CHARLOTTE, N.C. -- All day Wednesday, Assistant U.S. Attorney David Brown listened as Bishop Anthony Jinwright, the man he's prosecuting on tax evasion and fraud charges, described himself to jurors as a busy preacher who had simply made honest mistakes on his tax returns.
But just after 5:30 p.m., with the court day nearing a close, the prosecutor got his first chance to question Jinwright.
And Brown pounced, launching his cross-examination so aggressively that U.S. District Judge Frank Whitney had to ask him to lower his voice.
Over repeated objections from defense attorneys, Brown pelted the 53-year-old preacher with a nearly 30-minute barrage of accusatory questions.
Earlier Wednesday, Jinwright had testified that he spent so much time ministering the Gospel that he neglected his church's finances and his personal tax obligations.
The prosecution believes Jinwright and his wife, Harriet, failed to report about $1.8 million in income from their church, Greater Salem City of God, from 2002 to 2007.
Prosecutors allege the couple enjoyed a lavish lifestyle, even as their church struggled financially.
"You were so busy doing the Lord's work," Brown said. "But you found time to lease a 2000 Mercedes."
Brown went on to remind jurors of other luxury vehicles the couple drove: a Bentley GT, a Maybach 57 and a Rolls-Royce Phantom. The indictment says the cars are worth $175,232, $244,182 and $352,500, respectively.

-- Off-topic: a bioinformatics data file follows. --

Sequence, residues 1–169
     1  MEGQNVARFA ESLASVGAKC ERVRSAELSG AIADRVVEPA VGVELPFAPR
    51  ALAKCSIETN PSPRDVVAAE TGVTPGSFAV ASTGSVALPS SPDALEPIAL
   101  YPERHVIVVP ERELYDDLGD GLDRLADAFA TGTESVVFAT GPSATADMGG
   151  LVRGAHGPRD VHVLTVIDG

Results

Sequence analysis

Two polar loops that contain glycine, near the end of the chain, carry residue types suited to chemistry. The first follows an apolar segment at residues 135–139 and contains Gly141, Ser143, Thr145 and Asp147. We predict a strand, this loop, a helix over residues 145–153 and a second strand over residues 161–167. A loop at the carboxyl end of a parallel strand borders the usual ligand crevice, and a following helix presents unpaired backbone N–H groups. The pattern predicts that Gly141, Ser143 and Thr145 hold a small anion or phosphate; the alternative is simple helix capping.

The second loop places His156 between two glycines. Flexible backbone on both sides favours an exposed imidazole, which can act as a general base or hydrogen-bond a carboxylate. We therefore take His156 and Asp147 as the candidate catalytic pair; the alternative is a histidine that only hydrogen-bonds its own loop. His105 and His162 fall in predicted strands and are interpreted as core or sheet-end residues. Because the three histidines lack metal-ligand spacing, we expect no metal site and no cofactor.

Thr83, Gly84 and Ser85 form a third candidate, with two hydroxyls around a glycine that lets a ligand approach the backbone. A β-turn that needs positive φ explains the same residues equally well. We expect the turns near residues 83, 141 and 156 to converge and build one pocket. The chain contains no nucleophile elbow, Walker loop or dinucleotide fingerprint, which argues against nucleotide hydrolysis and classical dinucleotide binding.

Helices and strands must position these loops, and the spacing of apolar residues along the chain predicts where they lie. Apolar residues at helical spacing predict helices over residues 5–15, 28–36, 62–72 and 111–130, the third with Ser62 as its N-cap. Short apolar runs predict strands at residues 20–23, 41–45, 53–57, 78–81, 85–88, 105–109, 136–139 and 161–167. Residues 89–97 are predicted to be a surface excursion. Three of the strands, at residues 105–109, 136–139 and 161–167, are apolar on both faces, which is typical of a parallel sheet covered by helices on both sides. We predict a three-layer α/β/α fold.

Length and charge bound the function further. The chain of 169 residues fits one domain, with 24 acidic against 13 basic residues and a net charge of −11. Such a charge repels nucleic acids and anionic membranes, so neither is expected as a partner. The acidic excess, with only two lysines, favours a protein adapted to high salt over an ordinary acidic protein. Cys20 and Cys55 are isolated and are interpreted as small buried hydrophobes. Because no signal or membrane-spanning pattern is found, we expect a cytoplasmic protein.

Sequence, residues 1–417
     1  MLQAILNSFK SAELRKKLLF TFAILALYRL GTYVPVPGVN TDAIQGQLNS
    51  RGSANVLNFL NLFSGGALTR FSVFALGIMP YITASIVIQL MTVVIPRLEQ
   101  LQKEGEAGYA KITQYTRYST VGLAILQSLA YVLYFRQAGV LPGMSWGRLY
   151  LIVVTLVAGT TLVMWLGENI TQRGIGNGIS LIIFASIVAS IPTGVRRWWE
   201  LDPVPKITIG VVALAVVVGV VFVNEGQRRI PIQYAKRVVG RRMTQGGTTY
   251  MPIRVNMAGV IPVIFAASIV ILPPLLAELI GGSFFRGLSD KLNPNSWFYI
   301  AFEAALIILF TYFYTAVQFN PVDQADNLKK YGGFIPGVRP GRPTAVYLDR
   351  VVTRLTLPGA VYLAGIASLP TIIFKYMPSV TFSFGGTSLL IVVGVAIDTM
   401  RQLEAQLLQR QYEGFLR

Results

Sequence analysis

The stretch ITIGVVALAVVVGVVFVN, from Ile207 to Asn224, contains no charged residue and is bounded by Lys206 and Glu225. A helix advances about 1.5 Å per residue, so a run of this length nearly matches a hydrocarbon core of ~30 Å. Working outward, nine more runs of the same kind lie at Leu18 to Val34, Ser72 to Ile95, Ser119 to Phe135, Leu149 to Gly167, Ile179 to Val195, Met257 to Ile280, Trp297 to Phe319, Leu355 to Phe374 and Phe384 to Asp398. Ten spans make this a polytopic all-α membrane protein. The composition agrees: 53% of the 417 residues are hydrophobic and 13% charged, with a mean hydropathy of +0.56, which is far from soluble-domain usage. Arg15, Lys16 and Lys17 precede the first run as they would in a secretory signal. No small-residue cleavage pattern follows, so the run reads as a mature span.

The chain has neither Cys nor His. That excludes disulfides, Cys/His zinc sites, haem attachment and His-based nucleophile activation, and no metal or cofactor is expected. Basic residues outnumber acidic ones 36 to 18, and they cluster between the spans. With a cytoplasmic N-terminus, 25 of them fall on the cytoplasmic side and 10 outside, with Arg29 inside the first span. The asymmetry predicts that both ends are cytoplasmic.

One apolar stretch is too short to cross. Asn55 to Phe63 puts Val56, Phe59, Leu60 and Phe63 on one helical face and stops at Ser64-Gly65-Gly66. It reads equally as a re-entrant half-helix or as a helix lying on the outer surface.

Brown continued: "You weren't doing God's work when you purchased that $1.8 million house, were you?"
"Yes, I was," replied Jinwright, who had testified earlier that he used his home to entertain visiting pastors.
Jinwright had also told jurors he lived in Cornelius, but Brown suggested the preacher was misleading jurors because both houses the couple has lived in in recent years are on Lake Norman's waterfront.
Defense attorneys objected that the prosecutor was being argumentative, but the judge allowed him to continue. "Just tone it down," he cautioned.
On Tuesday, Jinwright testified that he didn't have any training in accounting. But during Wednesday's cross-exam, Brown showed Jinwright records from the preacher's days in mortuary school.
"You had a year of accounting, didn't you?" Brown asked.
"So your answers ... yesterday weren't true, were they?"
"Yes, they were," Jinwright replied. "That's accounting pertaining to funeral services. It's not the same thing as pertaining to the public arena."
Jinwright also has testified that he didn't know where the income levels attributed to him on car lease applications came from. Prosecutors say the applications showed much higher income than the couple reported to the Internal Revenue Service.
The prosecutor reminded him that car dealership employees have testified that the income figures on the applications came from Jinwright himself - including one that said he made $100,000 a month.
Jinwright resisted initially, but under persistent questioning said that he had given those figures in several instances.
Jinwright will return to the witness stand today. Lawyers said the case could go to the jury on Monday.